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Why do we call the doctor you are suing as our first witness in a medical malpractice trial in New York?



In a medical malpractice lawsuit in New York, we are required to show to the jury that we are more likely right than wrong that the injuries you received were a result of improper medical care. Legally, that is known as the “burden of proof.”

In technical terms that is also known as a “preponderance of evidence.”

There is a key strategy about why we call to the witness stand the doctor you are suing as our first witness.

Some people might think it would be easier for jury to understand what happened if the injured victim went up first and told his or her story about what happened. This can work, but is not as effective as when the doctor takes the witness stand.

Here's why.

When I call a doctor to the witness stand, my goal is to have him explain to the jury exactly what problem you have, what problems you presented with, what examinations and tests he performed and what his plan of action was for the future.

This gives the jury a concise, clear understanding of what happened from the physician's perspective. Later on, I will certainly put the injured victim on the witness stand to fill in the blanks and to give full color images of what exactly happened from their perspective.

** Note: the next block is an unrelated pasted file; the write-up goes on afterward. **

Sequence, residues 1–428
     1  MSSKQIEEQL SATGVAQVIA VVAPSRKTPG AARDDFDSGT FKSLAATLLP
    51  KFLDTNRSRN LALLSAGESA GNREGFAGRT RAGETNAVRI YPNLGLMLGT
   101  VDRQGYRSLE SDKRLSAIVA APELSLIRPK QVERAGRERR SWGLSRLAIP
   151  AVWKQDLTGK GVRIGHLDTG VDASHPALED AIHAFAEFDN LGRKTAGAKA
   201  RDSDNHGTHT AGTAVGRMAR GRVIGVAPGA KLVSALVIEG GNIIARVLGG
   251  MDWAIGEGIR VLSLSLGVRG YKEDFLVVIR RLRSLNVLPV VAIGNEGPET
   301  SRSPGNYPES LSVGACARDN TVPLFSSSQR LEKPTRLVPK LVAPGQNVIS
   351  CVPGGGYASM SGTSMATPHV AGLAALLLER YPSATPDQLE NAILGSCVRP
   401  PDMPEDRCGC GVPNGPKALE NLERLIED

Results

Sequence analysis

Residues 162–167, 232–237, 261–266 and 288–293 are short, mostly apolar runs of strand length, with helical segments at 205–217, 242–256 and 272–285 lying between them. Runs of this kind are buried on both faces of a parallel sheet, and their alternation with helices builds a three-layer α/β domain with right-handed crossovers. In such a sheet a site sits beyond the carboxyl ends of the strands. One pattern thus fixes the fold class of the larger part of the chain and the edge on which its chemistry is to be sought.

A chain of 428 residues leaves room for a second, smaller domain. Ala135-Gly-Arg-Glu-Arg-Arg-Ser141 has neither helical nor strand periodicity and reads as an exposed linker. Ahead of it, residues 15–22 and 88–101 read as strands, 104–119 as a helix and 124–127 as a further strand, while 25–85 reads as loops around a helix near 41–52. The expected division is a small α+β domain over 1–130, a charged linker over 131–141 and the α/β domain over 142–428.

However, by putting your treating doctor on the witness stand first, I can then have him introduce his own medical records into evidence and then any other medical expert who gets up to testify will now be basing their decisions upon records that are already in evidence along with the testimony of the original treating doctor.

Also, by calling the doctor you are suing, I have the ability to show to the jury that there are certain established guidelines that the doctor is required to follow when treating and evaluating your particular problem.

I am permitted to ask the doctor medical opinion questions and have him establish what those guidelines were at that time. I am then permitted to ask him questions about whether he deviated or departed from those good and accepted medical practices.